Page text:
With great power…
The EU paints a worrying picture of Google’s increasing access to personal data from across numerous services. According to the CNIL, visits to sites that display a ’1+’ Google+ button will be stored for at least 18 months, while data collected via DoubleClick ad cookies is stored for two years and can be renewed without consent. The EU said such power and control over user data must be used responsibly.
Yesterday Google co-founder Larry Page went on the offensive, rebutting the EU’s claims. Page said it was “sad” that regulators are trying to restrict types of online data collection and that certain Google products would not have been possible with data collection. The co-founder used the example of a potential Android feature that could prevent your phone from interrupting you during a scheduled meeting.
But according to a New York Times source, Google execs “breathed a sigh of relief” at the EU response, as it expected the regulators to implement a much harsher penalty, such as fines and concrete charges that Google broke the law. As it stands the EU is giving Google a loose timeframe of 4 months to change its policy and explain more clearly what exactly it does with the data it collects.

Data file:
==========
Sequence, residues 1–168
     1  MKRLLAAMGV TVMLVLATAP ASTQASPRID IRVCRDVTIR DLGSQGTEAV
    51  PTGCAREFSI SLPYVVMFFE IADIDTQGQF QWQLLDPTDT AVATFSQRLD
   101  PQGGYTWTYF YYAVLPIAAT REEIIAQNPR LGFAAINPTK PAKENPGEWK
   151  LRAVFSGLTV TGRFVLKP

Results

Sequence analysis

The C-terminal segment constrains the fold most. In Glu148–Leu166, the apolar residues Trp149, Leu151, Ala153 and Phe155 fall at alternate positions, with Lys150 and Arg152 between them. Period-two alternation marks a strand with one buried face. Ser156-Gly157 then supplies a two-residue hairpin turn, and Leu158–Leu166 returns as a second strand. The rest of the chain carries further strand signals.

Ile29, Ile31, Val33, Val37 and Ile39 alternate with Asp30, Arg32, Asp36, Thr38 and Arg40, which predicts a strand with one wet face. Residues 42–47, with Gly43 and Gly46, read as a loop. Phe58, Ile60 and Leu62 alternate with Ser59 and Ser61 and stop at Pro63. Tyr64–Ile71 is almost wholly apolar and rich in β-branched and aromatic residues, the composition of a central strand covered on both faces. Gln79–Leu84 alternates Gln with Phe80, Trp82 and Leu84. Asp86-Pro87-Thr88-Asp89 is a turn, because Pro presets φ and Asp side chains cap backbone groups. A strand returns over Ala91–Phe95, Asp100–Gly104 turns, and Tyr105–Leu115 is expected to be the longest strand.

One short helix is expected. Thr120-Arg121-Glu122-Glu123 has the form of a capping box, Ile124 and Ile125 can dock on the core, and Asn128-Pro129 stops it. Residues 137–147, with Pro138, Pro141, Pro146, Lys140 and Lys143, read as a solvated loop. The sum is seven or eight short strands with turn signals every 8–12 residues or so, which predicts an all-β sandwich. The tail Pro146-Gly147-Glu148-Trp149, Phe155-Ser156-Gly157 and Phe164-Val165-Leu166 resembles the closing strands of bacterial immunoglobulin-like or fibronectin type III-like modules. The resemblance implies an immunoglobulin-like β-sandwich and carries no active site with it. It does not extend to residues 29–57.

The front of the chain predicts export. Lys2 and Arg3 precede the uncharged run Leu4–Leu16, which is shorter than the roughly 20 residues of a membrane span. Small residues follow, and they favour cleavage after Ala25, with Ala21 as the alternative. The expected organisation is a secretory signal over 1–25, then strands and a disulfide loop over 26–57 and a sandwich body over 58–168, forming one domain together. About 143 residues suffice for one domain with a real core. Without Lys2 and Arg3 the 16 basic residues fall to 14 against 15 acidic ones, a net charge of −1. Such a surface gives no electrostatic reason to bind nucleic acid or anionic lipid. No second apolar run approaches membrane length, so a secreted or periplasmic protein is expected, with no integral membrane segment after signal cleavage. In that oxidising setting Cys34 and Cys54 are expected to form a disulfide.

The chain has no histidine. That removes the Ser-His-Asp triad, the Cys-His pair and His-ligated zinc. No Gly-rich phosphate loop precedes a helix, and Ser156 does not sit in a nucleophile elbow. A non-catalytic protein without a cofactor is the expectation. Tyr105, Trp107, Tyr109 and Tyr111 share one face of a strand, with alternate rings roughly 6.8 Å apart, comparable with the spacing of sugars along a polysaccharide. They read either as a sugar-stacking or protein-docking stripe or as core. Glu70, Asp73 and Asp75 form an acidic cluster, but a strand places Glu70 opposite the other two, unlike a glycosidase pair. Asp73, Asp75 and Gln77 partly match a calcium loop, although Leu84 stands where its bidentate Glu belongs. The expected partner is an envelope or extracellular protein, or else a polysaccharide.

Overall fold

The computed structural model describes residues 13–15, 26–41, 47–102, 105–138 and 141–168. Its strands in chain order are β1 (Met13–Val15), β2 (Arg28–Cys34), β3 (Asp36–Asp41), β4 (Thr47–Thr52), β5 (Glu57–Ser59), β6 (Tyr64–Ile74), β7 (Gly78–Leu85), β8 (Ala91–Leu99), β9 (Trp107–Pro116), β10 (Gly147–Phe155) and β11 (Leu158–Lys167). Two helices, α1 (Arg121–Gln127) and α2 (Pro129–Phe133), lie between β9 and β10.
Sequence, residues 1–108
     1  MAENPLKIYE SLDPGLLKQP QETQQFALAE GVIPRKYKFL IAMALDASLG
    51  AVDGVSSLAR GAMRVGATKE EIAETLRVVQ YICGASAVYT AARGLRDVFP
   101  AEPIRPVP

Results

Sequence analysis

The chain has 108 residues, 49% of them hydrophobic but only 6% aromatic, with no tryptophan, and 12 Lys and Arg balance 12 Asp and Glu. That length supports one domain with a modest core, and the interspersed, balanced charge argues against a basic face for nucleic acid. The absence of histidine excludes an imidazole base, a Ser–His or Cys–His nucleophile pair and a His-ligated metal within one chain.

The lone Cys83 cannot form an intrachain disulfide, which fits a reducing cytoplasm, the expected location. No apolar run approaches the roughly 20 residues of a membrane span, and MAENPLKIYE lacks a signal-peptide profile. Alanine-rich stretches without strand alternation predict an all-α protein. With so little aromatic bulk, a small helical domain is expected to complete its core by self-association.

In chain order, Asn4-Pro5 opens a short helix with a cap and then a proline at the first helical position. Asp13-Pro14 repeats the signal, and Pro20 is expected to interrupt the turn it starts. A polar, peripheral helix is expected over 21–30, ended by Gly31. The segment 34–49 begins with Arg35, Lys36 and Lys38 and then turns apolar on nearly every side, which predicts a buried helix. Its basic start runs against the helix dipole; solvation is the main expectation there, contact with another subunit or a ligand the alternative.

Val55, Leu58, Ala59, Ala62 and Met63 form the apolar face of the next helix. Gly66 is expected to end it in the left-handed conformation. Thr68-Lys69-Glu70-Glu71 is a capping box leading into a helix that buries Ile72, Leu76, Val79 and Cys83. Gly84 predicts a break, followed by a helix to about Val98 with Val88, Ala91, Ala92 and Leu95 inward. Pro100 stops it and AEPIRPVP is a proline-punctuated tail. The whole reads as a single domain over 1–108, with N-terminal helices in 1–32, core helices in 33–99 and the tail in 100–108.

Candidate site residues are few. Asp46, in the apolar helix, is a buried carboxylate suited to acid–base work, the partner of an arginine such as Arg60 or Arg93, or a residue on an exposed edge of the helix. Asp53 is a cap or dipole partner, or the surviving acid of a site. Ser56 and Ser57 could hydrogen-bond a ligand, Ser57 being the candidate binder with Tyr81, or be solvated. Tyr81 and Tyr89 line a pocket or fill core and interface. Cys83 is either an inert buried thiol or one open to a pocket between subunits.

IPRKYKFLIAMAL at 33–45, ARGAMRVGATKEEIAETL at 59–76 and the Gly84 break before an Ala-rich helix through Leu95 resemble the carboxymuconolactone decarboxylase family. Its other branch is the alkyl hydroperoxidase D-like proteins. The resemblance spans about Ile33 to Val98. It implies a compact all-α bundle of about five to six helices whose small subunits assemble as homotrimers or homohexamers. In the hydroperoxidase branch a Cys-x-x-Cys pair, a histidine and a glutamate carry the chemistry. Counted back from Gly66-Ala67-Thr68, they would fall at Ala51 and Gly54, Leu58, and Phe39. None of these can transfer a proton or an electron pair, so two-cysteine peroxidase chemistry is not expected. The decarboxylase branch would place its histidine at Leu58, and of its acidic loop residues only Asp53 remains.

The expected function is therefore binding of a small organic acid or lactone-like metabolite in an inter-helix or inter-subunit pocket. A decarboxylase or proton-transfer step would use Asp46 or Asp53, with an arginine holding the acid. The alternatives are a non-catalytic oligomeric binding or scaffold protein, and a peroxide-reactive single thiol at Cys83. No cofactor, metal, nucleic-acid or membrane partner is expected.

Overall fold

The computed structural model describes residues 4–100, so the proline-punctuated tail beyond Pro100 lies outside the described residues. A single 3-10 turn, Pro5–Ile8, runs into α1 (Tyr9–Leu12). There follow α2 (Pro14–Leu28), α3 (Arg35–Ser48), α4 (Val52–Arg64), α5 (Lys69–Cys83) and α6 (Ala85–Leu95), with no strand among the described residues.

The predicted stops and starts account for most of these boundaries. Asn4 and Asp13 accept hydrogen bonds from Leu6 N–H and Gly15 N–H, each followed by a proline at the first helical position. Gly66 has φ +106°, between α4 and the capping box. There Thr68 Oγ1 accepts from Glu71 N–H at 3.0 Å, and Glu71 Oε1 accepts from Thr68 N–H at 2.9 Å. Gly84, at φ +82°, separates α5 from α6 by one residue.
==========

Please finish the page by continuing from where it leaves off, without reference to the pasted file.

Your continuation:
“Google bought some time,” said Mark Rotenberg, president of the Electronic Privacy Information Center, adding that the message from European authorities was: “We’ve been through this before, with companies like Facebook, and they responded. If you choose not to respond, you do so at your own risk.”
“If Google’s get-out is that it’s only being told ‘should’ rather than ‘must’, then it becomes a question of trust,” said Dautlich. “How does a company purport to be transparent and trusted if they’re put to the test and use a legal nicety to avoid it?”
Google is not invulnerable. The more a company proves itself untrustworthy, the more dangerous the PR fallout when things eventually go wrong.